Fans in Miami first went to games at Joe Robbie Stadium when the Marlins came to be in 1993, only to see the name change to Pro Player Park, Pro Player Stadium, Dolphins Stadium, Dolphin Stadium, Land Shark Stadium and Sun Life Stadium before fleeing for Marlins Park in 2012. But that did not stop the latest change, to Hard Rock Stadium, in August 2016.

And while the name is new, the things we’ll always remember about the yard are still there: Three World Series titles, an All-Star Game, balls taking crazy bounces off the arches in right field, a game to remember by Matt Cain, a historic hitting display by Pablo Sandoval, and all the balls hit into McCovey Cove, to name a few.

Let’s just hope this history does not include the Raiders in their lame duck season in the Bay area.

We have met the victims, and they are us

I have a friend who has the American Dream. A loving wife, three young girls and a home.

Just one problem: Not only does he work for the U.S. government, his job is one declared to be essential, so he must keep working, even though he’s not getting paid.

How will they buy groceries, clothes, gas and keep up mortgage payments with no income as the Trump Shutdown enters Week Three?

All over a wall that most people agree is not needed, will be ineffective and a colossal waste of taxpayer money – and isn’t Mexico supposed to be paying for all this? And why do they need more money when they’ve only spent six percent of the money they were allocated last budget cycle?

Except for a handful of folks, but they’re very important people: President Trump and his trusted advisers, er, media pundits.

And now not only is the president saying this silly showdown may continue for months, perhaps years, he’s also threatened to declare a national emergency to force construction to begin.

But it’s not only my friend and his family – and all federal workers forced to the sidelines – that this affects.

There’s the retail workers who will be getting less hours since fewer people are buying things. Manufacturers will produce fewer items since they aren’t in demand. Fewer things used to make the products are going to be made.

All this over a wall.

To slightly rewrite the late Walt Kelly of “Pogo” fame, we have met the victims, and they are us.

The people affected by this most, the federal workers who have become pawns in another round of high-stakes chess, Washington style, should be our focus, not the usual political taffy pull.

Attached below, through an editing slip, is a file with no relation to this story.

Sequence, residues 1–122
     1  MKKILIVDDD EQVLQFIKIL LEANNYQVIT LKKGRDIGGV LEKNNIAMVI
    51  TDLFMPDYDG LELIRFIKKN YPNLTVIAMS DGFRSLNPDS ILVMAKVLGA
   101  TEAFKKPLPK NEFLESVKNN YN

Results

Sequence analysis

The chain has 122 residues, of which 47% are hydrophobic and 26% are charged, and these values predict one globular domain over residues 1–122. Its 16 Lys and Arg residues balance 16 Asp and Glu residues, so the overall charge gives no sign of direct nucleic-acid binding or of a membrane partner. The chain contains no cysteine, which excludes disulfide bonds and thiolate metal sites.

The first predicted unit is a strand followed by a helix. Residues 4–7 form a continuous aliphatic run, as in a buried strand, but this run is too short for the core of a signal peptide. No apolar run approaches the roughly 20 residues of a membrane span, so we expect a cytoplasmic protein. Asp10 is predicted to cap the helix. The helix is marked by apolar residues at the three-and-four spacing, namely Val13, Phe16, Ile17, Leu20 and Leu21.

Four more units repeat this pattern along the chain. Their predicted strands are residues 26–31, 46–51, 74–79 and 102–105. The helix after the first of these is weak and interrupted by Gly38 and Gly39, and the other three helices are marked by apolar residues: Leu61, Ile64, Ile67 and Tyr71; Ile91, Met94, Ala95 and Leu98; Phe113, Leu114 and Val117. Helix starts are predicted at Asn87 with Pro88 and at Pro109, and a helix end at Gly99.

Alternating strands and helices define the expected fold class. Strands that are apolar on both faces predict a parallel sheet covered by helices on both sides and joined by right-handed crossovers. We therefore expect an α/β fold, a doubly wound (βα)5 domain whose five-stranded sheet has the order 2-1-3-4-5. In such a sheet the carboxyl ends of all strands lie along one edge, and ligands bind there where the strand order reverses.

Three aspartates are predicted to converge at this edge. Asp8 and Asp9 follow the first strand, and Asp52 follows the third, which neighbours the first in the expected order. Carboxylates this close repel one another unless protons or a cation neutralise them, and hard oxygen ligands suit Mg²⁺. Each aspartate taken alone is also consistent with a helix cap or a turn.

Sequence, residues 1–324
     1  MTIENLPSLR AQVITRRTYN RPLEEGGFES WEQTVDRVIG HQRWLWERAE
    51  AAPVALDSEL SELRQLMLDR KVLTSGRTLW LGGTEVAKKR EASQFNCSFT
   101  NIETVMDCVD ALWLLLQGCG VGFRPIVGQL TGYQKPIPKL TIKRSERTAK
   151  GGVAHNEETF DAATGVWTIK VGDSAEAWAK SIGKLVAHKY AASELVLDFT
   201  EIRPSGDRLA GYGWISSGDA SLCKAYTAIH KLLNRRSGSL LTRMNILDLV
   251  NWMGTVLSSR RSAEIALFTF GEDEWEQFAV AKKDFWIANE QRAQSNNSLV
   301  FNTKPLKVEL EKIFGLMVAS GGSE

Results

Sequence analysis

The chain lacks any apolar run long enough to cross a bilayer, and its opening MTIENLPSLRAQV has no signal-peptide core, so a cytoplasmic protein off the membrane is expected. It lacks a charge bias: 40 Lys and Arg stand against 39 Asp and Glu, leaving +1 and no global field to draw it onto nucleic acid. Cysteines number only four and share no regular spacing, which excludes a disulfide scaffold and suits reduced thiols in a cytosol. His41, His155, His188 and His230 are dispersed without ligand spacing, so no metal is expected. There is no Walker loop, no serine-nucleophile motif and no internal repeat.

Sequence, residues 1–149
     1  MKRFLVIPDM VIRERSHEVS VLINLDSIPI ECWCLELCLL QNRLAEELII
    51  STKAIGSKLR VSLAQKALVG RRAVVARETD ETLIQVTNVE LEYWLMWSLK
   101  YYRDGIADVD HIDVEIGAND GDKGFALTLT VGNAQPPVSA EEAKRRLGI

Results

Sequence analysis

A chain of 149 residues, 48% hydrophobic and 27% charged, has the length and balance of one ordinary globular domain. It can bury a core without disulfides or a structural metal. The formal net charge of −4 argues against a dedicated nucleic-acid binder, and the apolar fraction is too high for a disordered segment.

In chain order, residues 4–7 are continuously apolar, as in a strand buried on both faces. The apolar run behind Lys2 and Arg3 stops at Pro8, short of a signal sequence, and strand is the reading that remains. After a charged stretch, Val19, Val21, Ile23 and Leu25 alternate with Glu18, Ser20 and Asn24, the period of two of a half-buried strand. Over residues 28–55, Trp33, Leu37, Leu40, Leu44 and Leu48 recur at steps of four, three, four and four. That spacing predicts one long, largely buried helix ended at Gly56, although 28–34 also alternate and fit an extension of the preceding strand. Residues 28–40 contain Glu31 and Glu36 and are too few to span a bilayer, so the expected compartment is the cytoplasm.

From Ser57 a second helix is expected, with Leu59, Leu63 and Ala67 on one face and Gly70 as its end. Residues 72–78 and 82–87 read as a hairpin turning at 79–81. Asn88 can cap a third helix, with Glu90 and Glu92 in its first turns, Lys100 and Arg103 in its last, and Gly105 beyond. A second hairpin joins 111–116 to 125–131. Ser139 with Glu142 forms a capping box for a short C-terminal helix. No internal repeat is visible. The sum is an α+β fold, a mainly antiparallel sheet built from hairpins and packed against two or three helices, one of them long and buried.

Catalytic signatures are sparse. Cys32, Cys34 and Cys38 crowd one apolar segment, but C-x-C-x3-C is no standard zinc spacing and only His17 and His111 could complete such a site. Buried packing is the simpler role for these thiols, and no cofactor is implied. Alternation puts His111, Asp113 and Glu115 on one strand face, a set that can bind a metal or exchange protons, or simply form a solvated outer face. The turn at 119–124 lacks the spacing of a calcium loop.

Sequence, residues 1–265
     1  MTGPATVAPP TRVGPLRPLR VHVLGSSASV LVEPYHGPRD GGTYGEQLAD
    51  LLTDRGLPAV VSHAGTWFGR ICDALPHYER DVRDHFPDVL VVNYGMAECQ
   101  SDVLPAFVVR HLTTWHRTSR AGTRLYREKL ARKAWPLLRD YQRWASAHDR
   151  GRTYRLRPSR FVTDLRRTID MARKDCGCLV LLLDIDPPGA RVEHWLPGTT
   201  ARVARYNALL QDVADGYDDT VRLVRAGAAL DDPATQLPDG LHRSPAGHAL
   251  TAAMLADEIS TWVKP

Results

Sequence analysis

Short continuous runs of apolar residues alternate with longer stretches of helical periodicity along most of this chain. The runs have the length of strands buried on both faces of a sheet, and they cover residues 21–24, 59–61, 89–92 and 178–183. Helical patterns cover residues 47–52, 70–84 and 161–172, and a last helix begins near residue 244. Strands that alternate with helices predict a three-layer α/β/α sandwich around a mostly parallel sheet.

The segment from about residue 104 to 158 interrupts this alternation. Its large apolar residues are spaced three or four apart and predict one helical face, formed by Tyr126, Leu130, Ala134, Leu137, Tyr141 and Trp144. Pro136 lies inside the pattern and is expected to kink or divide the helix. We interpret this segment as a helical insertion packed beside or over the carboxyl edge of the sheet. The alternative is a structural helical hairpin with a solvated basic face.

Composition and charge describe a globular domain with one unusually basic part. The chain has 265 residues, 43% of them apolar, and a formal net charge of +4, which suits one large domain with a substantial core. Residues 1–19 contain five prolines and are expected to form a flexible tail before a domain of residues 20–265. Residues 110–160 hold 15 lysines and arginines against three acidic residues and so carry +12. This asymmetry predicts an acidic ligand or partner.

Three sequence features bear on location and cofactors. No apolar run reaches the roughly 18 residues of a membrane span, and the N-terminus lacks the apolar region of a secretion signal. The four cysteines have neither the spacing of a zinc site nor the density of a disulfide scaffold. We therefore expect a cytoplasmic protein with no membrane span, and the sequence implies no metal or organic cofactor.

Could we use stronger borders? Of course. But why not frame the argument in that context, rather than a wall, which, on top of all the things cited above, will run into infinite legal challenges that will cost the Mexicans, er, U.S. taxpayers even more.

Enough of this ego-driven vicious cycle already.

It’s bye-bye, “Baby”

In a week that’s seen the country bury a beloved President and, perhaps, tighten the noose around a not-so-beloved one, we see one of the nation’s major news outlets come to the defense of “Baby, It’s Cold Outside.”
Seems that Fox News Channel, in another round of fighting a War on Christmas that was never declared, has devoted considerable time to radio stations removing the song from the MGM film “Neptune’s Daughter” from their playlists. The song won the Oscar in 1949 for best original song.
In case you’ve missed it – and if you have with so much important news taking place this week, it’s easy to see how one would – here’s the YouTube link:
According to NPR, Cleveland’s WDOK-FM, also know as Star 102, which, like many radio stations adopts a format heavy on holiday songs this time of year, removed “Baby” from the playlist, citing concerns over implications of date rape in the era of the #MeToo movement.
San Francisco’s KOIT soon followed suit but has since started a poll of listeners asking if the song should be reinstated.
In viewing the clip above and having heard the song – several times – on the music service pumped into my workplace, the question arises: What the heck does it have to do with the Christmas season, except talking about how cold it is?
No talk about celebrating the birth of Christ. No talk of Santa’s arrival. Just that it may not be a good night to be outside.
True, there are several songs played this time of year that don’t meet that criteria – “Sleigh Ride” by Johnny Mathis comes to mind immediately, and I’m sure there are others – but has a great seasonal feeling and theme (And, hey, it’s Johnny Mathis).
“Baby” doesn’t even pass that smell test. It’s like arguing “Die Hard” is a Christmas movie. And unless one has an ulterior motive, hardly worth the fuss that’s been made.